Commercial cannabis cultivation is banned in Tehama County. The suspects had allegedly brandished firearms at nearby residents, which forced CDFW and local authorities to take immediate action.

Support was provided by CDFW Environmental Scientists, Tehama County Sheriff’s Department, State Water Resources Control Board (State Water Board) and Investigators from the California Department of Food and Agriculture (CDFA).

Approximately 28,733 illegal cannabis plants were eradicated, 165 lbs. of processed cannabis destroyed and three firearms seized. Onsite officers found evidence of at least 10 poached wildlife species including deer, pig, ducks and fish. CDFW is conducting further investigations before it is decided how to proceed with the additional charges.

“Wildlife officers continue to work with our allied agency partners to combat and shut down illegal cannabis cultivation sites,” said David Bess, CDFW Deputy Director and Chief of the Law Enforcement Division. “Too often illegal growers move into vacant private lands, take up residency and setup unlicensed large-scale operations, which can severely impact California’s native fish and wildlife.”

Officers arrested four suspects for felony cannabis cultivation, conspiracy, possession of a firearm while committing a felony along with an additional 20 counts of various environmental crimes. Violations included unlawful stream diversions, use of restricted pesticides, sediment and petroleum product pollution, and depositing litter where it can enter waters of the state. The State Water Board and CDFA also documented numerous crimes.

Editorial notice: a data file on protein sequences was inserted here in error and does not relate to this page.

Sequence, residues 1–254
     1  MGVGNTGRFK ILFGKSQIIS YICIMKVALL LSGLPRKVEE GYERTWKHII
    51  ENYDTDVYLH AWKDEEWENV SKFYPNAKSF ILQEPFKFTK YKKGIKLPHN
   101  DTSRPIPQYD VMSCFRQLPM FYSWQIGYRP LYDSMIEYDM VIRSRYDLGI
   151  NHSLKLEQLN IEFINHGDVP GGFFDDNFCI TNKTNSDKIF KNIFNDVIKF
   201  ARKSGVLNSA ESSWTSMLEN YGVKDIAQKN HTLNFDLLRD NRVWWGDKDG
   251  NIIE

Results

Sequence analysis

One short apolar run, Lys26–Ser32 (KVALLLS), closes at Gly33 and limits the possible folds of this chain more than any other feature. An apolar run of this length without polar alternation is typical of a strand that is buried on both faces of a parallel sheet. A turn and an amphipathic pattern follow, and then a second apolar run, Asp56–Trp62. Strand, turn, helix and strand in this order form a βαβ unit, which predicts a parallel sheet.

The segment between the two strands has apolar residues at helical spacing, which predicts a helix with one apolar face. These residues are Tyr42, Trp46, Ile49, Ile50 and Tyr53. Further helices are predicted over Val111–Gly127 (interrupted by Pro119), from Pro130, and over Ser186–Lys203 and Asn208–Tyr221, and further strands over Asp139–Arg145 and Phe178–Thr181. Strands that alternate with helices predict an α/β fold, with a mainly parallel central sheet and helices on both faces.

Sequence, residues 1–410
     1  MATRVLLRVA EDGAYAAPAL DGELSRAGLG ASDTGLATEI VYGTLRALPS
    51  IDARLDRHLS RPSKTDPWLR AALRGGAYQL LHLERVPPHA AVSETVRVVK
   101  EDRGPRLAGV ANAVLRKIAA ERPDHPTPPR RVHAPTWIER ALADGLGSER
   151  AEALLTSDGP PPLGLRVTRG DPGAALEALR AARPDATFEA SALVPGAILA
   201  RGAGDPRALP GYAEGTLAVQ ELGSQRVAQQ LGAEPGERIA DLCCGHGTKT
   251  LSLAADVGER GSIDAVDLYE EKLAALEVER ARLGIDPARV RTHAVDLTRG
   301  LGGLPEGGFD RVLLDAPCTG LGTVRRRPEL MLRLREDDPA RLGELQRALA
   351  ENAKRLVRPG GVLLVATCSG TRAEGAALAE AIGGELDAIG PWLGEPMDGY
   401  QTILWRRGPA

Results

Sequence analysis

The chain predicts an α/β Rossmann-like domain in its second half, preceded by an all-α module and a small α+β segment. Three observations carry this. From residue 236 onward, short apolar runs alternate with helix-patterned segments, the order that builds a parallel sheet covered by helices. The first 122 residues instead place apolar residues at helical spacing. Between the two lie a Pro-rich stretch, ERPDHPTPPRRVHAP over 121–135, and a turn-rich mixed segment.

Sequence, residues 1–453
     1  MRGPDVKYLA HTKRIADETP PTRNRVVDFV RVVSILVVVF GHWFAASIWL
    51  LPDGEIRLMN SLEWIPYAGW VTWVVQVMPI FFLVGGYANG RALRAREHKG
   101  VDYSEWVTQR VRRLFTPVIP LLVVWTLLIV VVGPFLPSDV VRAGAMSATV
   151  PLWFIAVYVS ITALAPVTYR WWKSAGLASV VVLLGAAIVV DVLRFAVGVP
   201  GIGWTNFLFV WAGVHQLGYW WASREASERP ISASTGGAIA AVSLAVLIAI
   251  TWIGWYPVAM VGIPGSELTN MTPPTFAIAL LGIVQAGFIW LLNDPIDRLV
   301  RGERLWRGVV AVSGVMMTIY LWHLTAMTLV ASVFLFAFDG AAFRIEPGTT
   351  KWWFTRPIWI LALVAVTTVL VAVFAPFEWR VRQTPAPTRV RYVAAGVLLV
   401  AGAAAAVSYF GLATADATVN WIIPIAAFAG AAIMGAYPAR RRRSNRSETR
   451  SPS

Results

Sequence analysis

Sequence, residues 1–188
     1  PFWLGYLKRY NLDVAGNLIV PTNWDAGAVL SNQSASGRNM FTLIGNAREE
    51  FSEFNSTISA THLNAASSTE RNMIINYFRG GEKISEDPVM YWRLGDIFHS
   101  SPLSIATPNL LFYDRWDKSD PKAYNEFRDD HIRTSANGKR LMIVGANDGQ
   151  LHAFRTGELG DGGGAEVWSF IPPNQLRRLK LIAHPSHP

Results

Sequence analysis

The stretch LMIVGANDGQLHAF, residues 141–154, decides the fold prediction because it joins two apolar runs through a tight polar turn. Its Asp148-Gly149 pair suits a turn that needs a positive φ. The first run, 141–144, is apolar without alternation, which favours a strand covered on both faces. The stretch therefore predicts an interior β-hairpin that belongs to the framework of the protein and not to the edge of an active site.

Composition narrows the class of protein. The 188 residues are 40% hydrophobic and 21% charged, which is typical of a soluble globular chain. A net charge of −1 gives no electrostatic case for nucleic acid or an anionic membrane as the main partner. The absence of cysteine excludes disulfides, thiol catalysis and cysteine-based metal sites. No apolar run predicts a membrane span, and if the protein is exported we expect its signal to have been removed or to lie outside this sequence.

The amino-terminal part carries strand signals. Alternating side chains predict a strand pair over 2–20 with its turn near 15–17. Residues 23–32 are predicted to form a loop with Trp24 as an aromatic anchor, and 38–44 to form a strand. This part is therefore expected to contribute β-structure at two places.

CDFW encourages the public to report environmental crimes such as water pollution, water diversions and poaching to the CalTIP hotline by calling (888) 334-2258 or texting information to “TIP411” (847411).

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Media Contact:
Janice Mackey, CDFW Communications, (916) 207-7891

California Fish and Game Commission Holds June Meeting Remotely

At its June remote meeting, the California Fish and Game Commission took action on a number of issues affecting California’s natural resources. The following are just a few items of interest from this week’s meeting.

The Commission acknowledged the sesquicentennial of the beginnings of the Commission and California Department of Fish and Wildlife (CDFW). Staff had long been preparing celebratory activities throughout the year, but due to the global pandemic, those events were canceled. A video was shared at the Commission to honor the past 150 years of protecting and conserving fish and wildlife in the state.